Yes, I think the real-time automated contacts-collection feature in OX App Suite may be playing a role in these cases.  Can you confirm that it is turned on in the web mail account by default?  Does it allow you to quickly export a full list of display names and email addresses found in the account?  These spammers have stolen not only email addresses but also display names.  

There are several common methods by which a spammer could obtain your password.  Virgin Media accounts receive many sophisticated phishing emails from spammers which are specifically designed to fool you into logging into a web site which looks like a Virgin Media web site and entering your Virgin Media user ID and password.  There is a long list of these which Virgin Media staff keep current on the Net Report web page if you scroll down, http://netreport.virginmedia.com/netreport/.  Think about whether you might have responded to one of these in the weeks before the spoofing started.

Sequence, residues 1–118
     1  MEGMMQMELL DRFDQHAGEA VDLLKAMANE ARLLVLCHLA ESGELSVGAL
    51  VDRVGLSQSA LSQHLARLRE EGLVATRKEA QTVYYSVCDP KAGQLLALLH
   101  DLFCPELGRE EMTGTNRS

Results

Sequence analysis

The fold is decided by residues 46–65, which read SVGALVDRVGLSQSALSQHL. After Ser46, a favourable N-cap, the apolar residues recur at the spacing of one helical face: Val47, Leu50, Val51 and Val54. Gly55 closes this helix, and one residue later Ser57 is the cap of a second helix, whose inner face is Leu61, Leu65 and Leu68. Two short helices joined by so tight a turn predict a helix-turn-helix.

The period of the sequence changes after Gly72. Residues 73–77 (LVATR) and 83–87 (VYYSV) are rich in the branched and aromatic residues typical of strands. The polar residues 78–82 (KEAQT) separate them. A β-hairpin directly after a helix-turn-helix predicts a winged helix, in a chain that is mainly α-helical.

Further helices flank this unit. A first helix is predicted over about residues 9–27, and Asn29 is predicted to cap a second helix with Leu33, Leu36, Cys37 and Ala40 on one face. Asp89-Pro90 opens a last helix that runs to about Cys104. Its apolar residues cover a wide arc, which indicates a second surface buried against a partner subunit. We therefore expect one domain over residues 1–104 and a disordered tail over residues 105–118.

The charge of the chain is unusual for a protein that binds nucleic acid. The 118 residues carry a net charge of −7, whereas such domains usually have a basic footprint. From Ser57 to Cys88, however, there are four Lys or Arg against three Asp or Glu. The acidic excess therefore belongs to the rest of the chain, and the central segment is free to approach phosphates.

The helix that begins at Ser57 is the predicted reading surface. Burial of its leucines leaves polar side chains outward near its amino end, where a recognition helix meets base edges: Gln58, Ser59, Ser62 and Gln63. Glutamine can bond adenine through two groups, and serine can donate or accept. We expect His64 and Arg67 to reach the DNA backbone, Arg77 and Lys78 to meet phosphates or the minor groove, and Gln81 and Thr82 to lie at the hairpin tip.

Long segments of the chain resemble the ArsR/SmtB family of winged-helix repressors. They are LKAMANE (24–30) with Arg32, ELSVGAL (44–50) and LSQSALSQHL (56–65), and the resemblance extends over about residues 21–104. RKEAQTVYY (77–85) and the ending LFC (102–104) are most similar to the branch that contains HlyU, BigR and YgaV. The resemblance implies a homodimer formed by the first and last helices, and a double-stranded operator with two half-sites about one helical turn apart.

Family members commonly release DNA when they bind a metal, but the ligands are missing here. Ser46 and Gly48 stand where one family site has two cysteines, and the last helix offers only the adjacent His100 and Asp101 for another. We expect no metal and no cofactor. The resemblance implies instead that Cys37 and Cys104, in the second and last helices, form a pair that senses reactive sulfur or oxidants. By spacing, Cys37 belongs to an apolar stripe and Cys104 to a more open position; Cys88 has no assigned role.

There are also suggestions that many with this problem might have had very simple passwords that the spammers could guess.  Virgin Media had a cluster of these spoofing cases for hacked accounts as well in 2011.  Published statements at the time suggest that Virgin Media thought that weak passwords played a role.  It is not clear if any particular analysis had been done for those cases in 2011 or if the response was simply an explanation of common methods by which passwords are stolen.

Research shows that about half of British internet users use the same password for multiple web sites.  If you have used your email address and email password as the login on any other web sites, then also be sure to change those passwords and make certain that the passwords differ from your current email password.

You do not need to continue to change your password and security question every time the spammers send a round of the spoofed spam. Instead, focus your energy on moving out of the Virgin Media email account.